LANCASTER, Pa. -- At a campaign rally here, U.S. Sen. Rob Portman focused his remarks on Mitt Romney and the president Republicans hope to unseat.
But a number of voters said it was the GOP senator from neighboring Ohio -- and reports that he is a leading vice presidential contender -- who drew them to an event for a presidential candidate they already support.
"I just would like to see who Portman is," said Sally Fry, a teacher who lives in nearby Lititz and one of about 200 who turned out to the rally. "To see what philosophies and what else he wants to share about his positions because he's a possible vice presidential candidate."
Mr. Portman, who was elected to the Senate in 2010 after serving in the House and the administration of President George W. Bush, delivered a speech that hewed closely to Mr. Romney's central argument: that the presumptive Republican nominee has the business and governing know-how to turn around an economy mishandled by President Barack Obama.
The crowd clapped when he raised and then dismissed the idea that Pennsylvania may have fallen from the list of battleground states after Mr. Obama's 10-point victory in 2008.
"I've got a feeling you're going to prove them wrong," Mr. Portman said. "Pennsylvania voters are common-sense, conservative voters. They get it. They know our country's headed in the wrong direction. They know we have an opportunity with Mitt Romney to turn things around, and Pennsylvania's going to come through, isn't it?"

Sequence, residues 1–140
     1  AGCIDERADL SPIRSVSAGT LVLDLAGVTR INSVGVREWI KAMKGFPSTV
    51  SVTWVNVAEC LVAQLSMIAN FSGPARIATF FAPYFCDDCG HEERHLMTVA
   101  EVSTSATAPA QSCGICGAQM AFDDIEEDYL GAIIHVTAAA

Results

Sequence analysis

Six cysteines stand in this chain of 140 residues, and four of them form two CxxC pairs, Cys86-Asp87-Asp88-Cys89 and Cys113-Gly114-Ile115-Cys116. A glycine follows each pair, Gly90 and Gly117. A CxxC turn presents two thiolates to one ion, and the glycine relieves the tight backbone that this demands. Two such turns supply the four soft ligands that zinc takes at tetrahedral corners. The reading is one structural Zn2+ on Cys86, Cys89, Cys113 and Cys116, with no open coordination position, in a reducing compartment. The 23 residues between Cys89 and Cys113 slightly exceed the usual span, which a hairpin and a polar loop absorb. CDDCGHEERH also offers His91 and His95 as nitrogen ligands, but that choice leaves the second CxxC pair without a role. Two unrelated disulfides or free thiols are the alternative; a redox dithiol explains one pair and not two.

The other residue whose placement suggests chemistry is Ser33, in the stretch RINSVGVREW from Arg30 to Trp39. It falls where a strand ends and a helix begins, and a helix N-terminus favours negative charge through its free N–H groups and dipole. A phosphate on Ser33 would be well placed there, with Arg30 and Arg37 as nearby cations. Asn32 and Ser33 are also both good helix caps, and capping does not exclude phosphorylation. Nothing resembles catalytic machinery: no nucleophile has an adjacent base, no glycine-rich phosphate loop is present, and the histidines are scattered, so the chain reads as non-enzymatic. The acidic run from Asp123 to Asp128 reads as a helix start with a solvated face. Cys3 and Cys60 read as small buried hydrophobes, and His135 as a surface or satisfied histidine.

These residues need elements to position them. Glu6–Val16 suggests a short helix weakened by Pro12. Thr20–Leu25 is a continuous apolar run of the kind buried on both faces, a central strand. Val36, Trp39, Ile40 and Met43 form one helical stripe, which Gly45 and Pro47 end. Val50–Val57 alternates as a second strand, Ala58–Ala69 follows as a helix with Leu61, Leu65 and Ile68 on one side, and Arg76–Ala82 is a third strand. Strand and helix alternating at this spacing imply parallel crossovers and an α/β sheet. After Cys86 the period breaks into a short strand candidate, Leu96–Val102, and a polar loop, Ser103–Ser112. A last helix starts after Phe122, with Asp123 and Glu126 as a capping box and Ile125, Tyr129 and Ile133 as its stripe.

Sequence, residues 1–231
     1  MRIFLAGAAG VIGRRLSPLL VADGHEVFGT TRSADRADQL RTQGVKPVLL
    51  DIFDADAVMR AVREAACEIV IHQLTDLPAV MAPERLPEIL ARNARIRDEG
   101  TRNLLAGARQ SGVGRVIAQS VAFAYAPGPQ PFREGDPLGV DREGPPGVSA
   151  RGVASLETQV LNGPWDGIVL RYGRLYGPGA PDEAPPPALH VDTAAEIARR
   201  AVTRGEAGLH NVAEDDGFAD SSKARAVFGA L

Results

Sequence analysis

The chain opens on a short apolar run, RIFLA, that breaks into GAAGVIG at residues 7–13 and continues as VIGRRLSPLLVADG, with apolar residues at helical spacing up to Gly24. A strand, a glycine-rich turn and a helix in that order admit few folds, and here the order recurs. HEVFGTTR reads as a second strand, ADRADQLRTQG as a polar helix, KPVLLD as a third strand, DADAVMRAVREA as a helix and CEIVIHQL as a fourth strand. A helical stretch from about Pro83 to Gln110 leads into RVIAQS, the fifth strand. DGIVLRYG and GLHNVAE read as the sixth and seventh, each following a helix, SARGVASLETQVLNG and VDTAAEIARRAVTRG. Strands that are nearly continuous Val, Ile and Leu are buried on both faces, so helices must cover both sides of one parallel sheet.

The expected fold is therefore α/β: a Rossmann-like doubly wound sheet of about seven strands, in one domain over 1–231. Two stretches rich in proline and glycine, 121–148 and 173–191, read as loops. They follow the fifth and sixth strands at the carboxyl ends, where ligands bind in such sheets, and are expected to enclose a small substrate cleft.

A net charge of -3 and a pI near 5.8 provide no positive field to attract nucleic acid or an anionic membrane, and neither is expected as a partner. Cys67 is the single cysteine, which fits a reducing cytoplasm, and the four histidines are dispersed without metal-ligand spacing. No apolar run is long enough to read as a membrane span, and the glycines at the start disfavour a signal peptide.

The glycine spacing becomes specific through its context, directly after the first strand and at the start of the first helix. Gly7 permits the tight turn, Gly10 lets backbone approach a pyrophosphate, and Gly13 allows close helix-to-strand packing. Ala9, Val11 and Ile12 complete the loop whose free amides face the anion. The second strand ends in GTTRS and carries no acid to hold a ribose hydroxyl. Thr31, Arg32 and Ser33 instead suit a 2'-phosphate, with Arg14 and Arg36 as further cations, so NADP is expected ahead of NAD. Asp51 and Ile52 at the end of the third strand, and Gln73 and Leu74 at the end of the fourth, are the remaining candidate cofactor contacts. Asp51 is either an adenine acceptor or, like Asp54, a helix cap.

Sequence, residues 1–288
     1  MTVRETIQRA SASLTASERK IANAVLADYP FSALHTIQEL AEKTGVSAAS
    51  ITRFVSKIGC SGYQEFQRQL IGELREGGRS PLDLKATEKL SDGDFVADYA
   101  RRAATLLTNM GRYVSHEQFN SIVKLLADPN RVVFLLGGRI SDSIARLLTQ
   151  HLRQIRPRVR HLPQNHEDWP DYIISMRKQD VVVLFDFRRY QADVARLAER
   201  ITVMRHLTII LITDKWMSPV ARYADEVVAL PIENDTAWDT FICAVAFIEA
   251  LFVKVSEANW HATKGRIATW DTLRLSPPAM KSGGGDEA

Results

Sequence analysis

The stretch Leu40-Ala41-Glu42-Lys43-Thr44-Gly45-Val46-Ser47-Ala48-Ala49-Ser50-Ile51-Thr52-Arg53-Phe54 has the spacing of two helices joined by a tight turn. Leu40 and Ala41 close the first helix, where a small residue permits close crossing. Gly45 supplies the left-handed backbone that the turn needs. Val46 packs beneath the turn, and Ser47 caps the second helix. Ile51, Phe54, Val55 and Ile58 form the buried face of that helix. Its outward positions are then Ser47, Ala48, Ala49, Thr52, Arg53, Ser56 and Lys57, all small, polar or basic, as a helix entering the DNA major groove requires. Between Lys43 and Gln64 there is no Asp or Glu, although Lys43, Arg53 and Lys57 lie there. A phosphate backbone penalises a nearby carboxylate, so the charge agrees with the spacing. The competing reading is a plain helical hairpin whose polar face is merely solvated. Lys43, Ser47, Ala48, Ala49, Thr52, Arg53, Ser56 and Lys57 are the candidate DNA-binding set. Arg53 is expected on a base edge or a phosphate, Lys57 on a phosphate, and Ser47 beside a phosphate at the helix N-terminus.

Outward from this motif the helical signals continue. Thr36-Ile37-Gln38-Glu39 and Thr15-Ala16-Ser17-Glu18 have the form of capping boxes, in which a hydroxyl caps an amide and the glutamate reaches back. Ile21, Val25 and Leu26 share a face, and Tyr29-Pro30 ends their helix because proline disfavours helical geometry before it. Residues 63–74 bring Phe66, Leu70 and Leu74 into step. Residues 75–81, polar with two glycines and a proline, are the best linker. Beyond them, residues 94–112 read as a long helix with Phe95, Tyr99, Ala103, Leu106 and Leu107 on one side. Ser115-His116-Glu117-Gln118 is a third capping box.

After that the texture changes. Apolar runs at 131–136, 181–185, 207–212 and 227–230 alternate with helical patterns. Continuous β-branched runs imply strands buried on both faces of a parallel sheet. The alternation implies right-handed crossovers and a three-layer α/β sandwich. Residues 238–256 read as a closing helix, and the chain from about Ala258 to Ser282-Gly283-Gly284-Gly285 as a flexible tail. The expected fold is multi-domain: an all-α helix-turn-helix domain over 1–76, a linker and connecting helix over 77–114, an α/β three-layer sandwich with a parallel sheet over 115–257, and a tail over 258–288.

Mr. Portman is not the only subject of vice-presidential speculation deployed by the campaign during Mr. Romney's trip to England, Israel and Poland. Former Minnesota Gov. Tim Pawlenty campaigned in Ohio on Monday, and Florida Sen. Marco Rubio addressed a crowd in Des Moines, Iowa, by cell phone on Saturday after airplane trouble prevented him from appearing in person.
The Ohio senator spoke as a neighbor to the crowd in Lancaster, prefacing a point with: "Manufacturing -- at the heart of what we do in Ohio and Pennsylvania."
Later, in a telephone interview, Mr. Portman said he believes Mr. Romney has a "very good" chance of winning Ohio and Pennsylvania.
"I think that there are a lot of people who have not yet decided, who are in the middle, who tend to make the difference in our states, who are looking for something new," he said.
"They do want to know enough about Governor Romney's background and his experience and, most importantly, his policies to be able to visualize a new and better way, and I think that's the challenge of the campaign."
Asked if the years remaining in his Senate term would make him hesitate to accept an offer to share the ticket, Mr. Portman said he expects to remain in his job.
"I really view myself as staying in the Senate," Mr. Portman said. "I'm just assuming I'm going to stay where I am, stay in the Senate, continue to represent Ohio. I got elected in 2010 for a six-year term. I look at it as an opportunity to serve in an important job. I didn't run to run for something else."
As people chatted before Mr. Portman's remarks, Bob Crosby of Greensburg, an independent voter who supports Mr. Romney, said the vice-presidential choice could be telling.
"I just would like to see who Mitt Romney might pick as a running mate," Mr. Crosby said. "I think that's an important decision, and I think he has good experience as a businessman picking people to be around him."
Ms. Fry, the teacher from Lititz, said she would like to see Mr. Romney select "someone with a little more oomph, personality."
But, she added: "I'm sure if Romney chooses him, I'll have faith in that."
Karen Langley: email@example.com or 717-787-2141. Clara Ritger is an intern with the Pennsylvania Legislative Correspondents Association.